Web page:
The Psychology of Voting and Election Campaigns

Overview & Schedule

On November 4, 2008, Americans will head into voting booths around the country to elect the next president of the United States.  By that day, citizens will have made two decisions: (1) whether or not to cast a vote, and (2) which candidate to support.  To explain the meaning and causes of the election outcome, we must understand the factors that drive these two decisions.  And elections constitute a wonderful opportunity to study the psychology of decision-making and collective choice.  Thus, bringing together psychologists studying social and cognitive psychology to talk about the psychology and voting and campaigns seems like a wonderful enterprise.

This conference will do just that, thanks to a core grant provided by the American Psychological Association and additional support provided by other sponsors.

The purpose of the conference is discussion, idea-generation, and collective brain-storming.  Through two days, presentations will be made by a series of psychologists whose research offers potential insights into how voters make decisions about whether to vote and which candidate to support.  Following each presentation will be a group discussion of the presented ideas and their applicability to the study of mass political behavior.  By the conference’s end, we hope to have an array of new ideas suitable for testing in the upcoming American National Election Study Surveys.

The conference is open to the public, including faculty, graduate students, and undergraduates, professionals outside of academia, and members of the general public.


Friday, October 20

8:00-8:30 Breakfast

8:30-9:10 Welcome and Opening Orientation

9:15-10:00 Brian A. Nosek, The Politics of Intergroup Attitudes and Stereotypes

10:00-10:45 Keith Payne, A Misattribution Approach to Implicit Attitudes: Implications for Measurement and Theory

10:45-11:15 Coffee Break

11:15-12:00 Richard Petty, Confidence in Attitudes: Explicit and Implicit Factors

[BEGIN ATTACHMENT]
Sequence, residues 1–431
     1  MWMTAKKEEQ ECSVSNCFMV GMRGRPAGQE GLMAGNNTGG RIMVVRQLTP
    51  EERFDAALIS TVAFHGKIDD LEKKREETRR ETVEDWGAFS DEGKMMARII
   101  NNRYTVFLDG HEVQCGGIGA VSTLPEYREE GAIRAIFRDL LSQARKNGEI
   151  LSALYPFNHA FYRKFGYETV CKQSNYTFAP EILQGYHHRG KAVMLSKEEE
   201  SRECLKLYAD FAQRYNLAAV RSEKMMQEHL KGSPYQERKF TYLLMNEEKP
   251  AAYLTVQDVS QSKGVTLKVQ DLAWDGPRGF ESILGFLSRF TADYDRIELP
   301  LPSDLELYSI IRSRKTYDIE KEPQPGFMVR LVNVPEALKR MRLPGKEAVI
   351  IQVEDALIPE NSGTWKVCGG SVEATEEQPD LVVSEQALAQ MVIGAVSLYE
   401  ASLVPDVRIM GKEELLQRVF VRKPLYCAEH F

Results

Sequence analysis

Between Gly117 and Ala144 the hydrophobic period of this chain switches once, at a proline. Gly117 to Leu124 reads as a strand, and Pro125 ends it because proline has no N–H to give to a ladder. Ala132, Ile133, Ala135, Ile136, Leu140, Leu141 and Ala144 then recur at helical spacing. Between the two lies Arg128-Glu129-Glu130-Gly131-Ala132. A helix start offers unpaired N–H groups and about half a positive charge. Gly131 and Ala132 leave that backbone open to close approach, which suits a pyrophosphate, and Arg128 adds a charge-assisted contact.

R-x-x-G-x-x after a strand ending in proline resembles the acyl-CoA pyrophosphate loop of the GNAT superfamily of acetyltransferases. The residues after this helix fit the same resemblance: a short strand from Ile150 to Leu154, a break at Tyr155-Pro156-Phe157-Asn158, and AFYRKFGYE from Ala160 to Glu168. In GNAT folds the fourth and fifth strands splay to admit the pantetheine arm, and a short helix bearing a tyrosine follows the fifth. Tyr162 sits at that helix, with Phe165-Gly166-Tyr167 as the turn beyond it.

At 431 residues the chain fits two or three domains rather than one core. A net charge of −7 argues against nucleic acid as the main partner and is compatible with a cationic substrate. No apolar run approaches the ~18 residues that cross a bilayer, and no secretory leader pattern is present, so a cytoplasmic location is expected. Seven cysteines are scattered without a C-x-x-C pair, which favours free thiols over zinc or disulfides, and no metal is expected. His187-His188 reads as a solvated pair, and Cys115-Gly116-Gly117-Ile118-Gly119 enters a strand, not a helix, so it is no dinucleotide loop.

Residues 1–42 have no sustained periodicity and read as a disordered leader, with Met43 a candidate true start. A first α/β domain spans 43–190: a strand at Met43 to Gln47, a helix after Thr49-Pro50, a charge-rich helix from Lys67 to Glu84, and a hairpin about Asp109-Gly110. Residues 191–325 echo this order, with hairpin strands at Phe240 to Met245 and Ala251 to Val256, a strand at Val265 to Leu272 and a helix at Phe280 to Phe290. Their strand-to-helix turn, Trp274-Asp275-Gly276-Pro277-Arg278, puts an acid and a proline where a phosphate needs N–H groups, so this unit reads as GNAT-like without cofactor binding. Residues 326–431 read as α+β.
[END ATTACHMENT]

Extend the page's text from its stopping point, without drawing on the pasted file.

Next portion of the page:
12:00-1:30 Break for Participants to Get Lunch on Their Own

1:30-2:15 Jack Glaser, Candidate Emotionality

2:15-3:00 Lee Jussim, Political Person Perception: Stereotypes versus Individuating Information Revisited

3:00-3:30 Coffee Break

3:30-4:15 Susan M. Andersen, Calling to Mind a Significant Other:  Implications of Research on Transference for Reactions to Political Candidates

4:15-5:00 Charles Judd, Issue Polarization, Perceived Issue Polarization, and Candidate Preferences

5:15-6:00 Eliot R. Smith, The Role of Group-Based Emotions in Intergroup Relations and Political Behavior

Saturday, October 21

8:00-8:30 Breakfast

8:30-9:15 Joachim Krueger, How Illusory is the Voter’s Illusion?

9:15-10:00 Gavan J. Fitzsimons, Can Asking Questions Alter Voter Behavior?

10:00-10:45 Stacey Sinclair, The Interpersonal Basis of Social Beliefs

10:45-11:15 Coffee Break

11:15-12:00 Eldar Shafir, The Varieties of Psychological Experience Underlying Preference Inconsistency

12:00-1:30 Break for Participants to Get Lunch on Their Own

1:30-2:15 Geoffrey Cohen, Identity, Belief, and Change

2:15-3:00 John T. Jost, The End of the End of Ideology

3:00-3:30 Coffee Break

3:30-4:15 Tanya Chartrand, Nonconscious Goal Pursuit

4:15-5:00 James Shah, Connecting to the Wills of the People: Voting Behavior as Goal Management

5:15-6:00 Wrap-up discussion